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From The Theosophical Movement
Vol 70. No. 8 - June, 2000

Some of today's scientists are admitting that science and spirituality are not as separate as once thought. The awareness of this relationship, says Rolf Sattler (Biology Department, McGill University) "is important for the further evolution of humankind and our planet Earth." In his essay published in Holistic Science and Human Values (Transaction 4), he states:

If spirit is opposed to matter, a dualism arises and thus spirituality becomes fragmenting as is characteristic of mechanistic materialism. To cut through this "spiritual materialism," one has to go beyond dualisms such as matter-spirit, embracing reality in its undivided wholeness, which evokes a sense of reverence and awe so that the experience of wholeness and oneness becomes holy. It is significant that the words "whole" and "holy" are etymologically derived from the same root. Thus, to many native people universe is sacred.

In spite of the strong tendencies of fragmentation there are also more holistic threads in the fabric of modern and especially postmodern science. It is through these holistic aspects that science is beginning to come closer to spirituality. This rapprochement is noticeable at the unorthodox fringes of many sciences such as physics, chemistry, biology, medicine, psychology, psychiatry, and sociology. According, it can be illustrated at the levels of atoms and subatomic particles, molecules, cells, organisms, populations, species, ecosystems and beyond.

It is well known that physics has moved towards a recognition of wholeness and oneness. According to Bohm, there is an implicate order underlying the explicate order. We are used to thinking in terms of the explicate order which is the world of separateness as manifested in particles and entities. However, this separateness vanishes in the underlying implicate order in which we find "undivided wholeness in flowing movement."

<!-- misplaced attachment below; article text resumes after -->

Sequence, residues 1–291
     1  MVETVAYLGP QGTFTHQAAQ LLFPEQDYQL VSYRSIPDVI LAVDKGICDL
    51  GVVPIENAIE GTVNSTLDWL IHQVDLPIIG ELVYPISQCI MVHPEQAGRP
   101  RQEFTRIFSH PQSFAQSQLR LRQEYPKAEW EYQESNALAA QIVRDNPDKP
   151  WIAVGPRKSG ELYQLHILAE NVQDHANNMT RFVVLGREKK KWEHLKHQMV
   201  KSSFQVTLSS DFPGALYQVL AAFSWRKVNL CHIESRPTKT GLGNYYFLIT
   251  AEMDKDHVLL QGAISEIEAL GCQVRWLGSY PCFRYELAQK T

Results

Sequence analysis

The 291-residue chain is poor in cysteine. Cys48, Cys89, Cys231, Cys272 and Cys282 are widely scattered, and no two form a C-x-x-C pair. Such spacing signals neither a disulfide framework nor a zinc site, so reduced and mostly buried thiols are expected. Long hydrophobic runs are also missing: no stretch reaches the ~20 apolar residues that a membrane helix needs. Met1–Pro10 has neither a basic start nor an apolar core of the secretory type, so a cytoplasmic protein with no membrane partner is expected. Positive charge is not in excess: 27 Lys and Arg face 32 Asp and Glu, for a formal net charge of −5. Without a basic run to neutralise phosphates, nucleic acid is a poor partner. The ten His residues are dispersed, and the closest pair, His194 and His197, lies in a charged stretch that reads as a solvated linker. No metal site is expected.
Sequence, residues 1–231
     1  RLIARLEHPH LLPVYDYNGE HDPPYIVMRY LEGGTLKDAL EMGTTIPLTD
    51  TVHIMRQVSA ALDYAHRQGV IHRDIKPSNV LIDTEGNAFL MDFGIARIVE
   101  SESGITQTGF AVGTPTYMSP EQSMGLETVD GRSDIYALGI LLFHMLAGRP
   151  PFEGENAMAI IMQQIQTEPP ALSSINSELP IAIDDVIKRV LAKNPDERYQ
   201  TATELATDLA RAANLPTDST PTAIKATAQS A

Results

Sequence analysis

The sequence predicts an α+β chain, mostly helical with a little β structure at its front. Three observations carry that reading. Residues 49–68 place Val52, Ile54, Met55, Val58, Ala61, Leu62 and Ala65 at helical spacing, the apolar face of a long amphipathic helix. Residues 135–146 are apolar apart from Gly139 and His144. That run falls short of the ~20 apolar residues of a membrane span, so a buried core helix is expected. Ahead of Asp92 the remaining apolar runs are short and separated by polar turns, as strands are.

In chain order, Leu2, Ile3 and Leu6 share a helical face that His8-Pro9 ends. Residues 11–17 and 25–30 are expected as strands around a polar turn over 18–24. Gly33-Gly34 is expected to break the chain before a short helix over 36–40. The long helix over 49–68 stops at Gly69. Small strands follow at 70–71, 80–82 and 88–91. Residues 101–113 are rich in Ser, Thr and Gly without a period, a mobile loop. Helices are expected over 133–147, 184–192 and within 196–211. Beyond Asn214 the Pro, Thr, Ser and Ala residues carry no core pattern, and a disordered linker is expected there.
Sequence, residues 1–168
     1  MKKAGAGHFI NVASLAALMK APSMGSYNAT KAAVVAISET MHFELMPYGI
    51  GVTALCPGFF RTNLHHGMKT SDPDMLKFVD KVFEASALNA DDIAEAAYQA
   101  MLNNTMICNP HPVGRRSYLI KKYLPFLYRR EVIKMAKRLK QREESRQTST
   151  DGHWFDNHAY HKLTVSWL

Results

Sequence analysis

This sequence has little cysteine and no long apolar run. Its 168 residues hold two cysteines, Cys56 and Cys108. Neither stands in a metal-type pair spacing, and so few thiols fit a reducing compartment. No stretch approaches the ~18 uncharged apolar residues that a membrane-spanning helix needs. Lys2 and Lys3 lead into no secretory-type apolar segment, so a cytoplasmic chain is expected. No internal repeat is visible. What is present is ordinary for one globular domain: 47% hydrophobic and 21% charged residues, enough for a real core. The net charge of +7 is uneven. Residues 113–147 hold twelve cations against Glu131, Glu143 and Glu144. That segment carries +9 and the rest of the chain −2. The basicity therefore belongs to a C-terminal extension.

In biology…a similar conclusion can be reached: underneath the apparent separateness of cells, organisms and other entities is unity. This means that cells, organisms and other entities do not ultimately exist as separate units, but are integrated into a more inclusive whole. From this point of view, there is no thing such as a cell or an organism. Obviously nothingness and oneness are only different verbalizations of the same underlying unity….

Now, integration and oneness extend beyond individual species, since species as individuals are not separate entities but continuous in time and space. They have evolved from each other in time and they are integrated into an ecosystem. Ecosystems in turn are integrated with each other and the Earth so that according to the Gaia theory the whole planet Earth can be seen and experienced as an organism or a system of a higher order. Since our planet is integrated with the universe, the ultimate oneness encompasses the whole universe. Again, this holistic view can have profound consequences for our consciousness and behaviour.

Sattler goes on to say that basically everything is one. His own research in plant morphology has shown that there is no separation between the plant and its environment. Since we are part of the plant's environment, we too are integrated with the plant. This holodynamic view indicates the illusion of separateness as also the impermanence of everything.